1. I charged Shalom Lappin with holding to a materialist explanation of Islamism for two reasons. Firstly, because the sentence in his article that mentions the "wrenching social and economic dislocations" brought about by globalisation comes just before his discussion of Islamism, I took this juxtaposition to be instructive. Secondly, Lappin put the rise of Islamism down to the failure of "secular nationalist groups" to "deliver… prosperity". Perhaps I set too much store by the previous juxtaposition, but this latter phrase seemed to confirm my conclusion.
I did, in fact, acknowledge Lappin's political explanation for the rise of Islamism — that it derived from the same groups' failure to deliver democracy. Nonetheless, I highlighted his materialist account for Islamism since I understood it to be emblematic of his broader approach. I considered it to be conceptually linked to his argument that democracy would take root in developing countries after a change in their material wealth. Returning to the original quote, however, I recognise that Lappin's conviction is that democratisation will accompany a rise in living standards, rather than result from this rise. Hence, the process of collective bargaining "will lead to the gradual convergence in living standards in the developing world and the West. It will also contribute to the democratization of the former'. I apologise for misinterpreting Lappin's argument in this way.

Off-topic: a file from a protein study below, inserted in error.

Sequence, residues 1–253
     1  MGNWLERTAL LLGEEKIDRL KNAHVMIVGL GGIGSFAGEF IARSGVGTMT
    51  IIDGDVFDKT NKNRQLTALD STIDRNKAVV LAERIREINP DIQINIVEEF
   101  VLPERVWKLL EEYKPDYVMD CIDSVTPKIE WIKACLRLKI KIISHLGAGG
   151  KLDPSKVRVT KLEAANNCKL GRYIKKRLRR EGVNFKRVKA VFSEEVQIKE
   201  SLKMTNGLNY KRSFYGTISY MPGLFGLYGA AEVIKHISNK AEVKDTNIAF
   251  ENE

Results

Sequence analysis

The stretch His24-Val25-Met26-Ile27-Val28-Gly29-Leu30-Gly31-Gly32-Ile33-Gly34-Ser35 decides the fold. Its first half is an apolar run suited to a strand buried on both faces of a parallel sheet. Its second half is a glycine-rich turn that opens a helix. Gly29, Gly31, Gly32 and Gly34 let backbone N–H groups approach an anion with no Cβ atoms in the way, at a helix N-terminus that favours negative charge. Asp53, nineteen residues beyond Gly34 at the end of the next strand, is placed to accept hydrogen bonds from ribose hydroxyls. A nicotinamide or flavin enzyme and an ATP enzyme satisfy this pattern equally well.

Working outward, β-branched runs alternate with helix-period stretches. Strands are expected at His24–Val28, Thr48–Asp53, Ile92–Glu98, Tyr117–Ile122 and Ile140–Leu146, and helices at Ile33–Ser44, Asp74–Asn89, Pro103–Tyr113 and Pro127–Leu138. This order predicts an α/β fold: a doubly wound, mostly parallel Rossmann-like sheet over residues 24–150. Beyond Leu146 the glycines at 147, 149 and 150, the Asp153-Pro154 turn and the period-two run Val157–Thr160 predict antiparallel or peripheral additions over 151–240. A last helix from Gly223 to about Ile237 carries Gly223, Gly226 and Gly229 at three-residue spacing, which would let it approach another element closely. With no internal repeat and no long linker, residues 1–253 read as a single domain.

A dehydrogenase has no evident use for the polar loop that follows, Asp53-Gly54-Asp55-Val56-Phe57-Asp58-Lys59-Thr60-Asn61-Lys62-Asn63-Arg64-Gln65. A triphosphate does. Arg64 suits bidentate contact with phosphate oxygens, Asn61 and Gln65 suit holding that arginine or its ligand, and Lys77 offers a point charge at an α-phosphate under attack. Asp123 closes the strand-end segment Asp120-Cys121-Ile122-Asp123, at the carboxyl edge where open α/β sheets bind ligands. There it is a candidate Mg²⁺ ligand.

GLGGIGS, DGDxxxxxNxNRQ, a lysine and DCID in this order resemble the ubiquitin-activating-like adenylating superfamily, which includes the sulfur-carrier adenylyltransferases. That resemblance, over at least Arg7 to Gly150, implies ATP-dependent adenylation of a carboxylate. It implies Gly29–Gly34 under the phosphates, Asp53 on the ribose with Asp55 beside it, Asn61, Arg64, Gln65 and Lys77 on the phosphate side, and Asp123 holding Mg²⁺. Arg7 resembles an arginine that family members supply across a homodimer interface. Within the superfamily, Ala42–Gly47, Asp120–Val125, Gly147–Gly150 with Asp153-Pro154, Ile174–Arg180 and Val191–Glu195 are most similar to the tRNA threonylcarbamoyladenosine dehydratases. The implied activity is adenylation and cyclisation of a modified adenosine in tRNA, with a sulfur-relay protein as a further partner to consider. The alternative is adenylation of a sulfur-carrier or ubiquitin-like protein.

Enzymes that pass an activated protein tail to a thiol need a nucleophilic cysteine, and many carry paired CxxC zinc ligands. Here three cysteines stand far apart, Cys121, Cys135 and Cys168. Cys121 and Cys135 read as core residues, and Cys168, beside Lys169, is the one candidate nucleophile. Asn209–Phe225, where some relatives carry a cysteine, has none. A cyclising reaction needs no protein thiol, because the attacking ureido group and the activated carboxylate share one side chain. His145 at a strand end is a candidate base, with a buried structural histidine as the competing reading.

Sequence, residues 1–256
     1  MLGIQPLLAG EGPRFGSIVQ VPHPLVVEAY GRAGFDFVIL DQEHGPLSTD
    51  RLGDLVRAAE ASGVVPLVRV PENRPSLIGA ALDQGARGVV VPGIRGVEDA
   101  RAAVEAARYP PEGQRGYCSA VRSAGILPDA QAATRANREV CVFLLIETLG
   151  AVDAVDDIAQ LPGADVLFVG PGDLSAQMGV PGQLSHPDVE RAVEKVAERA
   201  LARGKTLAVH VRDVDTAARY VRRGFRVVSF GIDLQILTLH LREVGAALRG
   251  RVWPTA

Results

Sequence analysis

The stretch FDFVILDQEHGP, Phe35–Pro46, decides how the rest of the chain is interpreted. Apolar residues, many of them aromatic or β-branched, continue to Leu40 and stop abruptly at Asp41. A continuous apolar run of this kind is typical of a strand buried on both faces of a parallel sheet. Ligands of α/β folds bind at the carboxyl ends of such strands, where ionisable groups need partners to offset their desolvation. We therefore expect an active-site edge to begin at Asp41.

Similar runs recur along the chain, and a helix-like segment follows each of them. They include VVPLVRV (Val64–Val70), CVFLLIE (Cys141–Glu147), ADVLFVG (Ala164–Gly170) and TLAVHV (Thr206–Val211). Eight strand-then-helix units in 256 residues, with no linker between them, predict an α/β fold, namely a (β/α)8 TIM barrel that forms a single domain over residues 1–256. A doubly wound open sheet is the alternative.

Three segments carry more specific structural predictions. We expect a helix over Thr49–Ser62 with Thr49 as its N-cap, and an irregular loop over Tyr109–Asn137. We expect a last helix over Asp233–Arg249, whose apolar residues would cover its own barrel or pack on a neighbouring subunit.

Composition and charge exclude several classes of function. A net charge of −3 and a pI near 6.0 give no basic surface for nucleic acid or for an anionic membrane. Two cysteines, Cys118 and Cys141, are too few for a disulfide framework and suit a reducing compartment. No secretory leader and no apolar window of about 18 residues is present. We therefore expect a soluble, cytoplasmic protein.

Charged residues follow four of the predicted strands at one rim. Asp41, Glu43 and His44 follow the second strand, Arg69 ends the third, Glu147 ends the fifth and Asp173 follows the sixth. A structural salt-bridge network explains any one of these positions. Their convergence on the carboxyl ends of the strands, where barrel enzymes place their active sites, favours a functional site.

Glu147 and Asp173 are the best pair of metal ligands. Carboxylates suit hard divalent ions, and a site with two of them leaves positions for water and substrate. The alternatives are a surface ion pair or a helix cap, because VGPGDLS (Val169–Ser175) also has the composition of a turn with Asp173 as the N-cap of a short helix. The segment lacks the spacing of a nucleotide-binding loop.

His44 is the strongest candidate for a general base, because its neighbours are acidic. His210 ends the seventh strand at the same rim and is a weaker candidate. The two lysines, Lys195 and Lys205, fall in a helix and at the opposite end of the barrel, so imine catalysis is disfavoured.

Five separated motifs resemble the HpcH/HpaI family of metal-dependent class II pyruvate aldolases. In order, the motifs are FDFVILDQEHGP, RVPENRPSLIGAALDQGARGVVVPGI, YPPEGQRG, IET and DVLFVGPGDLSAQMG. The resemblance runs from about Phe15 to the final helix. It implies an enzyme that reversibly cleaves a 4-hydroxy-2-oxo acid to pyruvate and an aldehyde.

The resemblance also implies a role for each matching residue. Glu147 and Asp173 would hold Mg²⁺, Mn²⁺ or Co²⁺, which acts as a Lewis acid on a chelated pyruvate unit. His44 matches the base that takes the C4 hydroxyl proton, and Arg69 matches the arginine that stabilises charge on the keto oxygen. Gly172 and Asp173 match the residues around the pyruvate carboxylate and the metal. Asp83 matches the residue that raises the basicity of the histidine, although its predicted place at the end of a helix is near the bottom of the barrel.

Yet my main point remains the same. I suggested that the reform of democratic and legal structures must take primary importance if economic development is to be truly sustainable. Although, as Lappin notes, "labour rights are human rights", human rights should always precede labour rights. Few citizens of developing countries are employed in industry, and an even smaller number are union members. What is key, therefore, is to protect the majority — those employed in subsistence agriculture, or in the black economy — from arbitrary taxation and expropriation by venal kleptocracies. This could well be possible with the kind of free trade agreements that Lappin proposes, which will oblige signatories to work towards strengthening democratic institutions.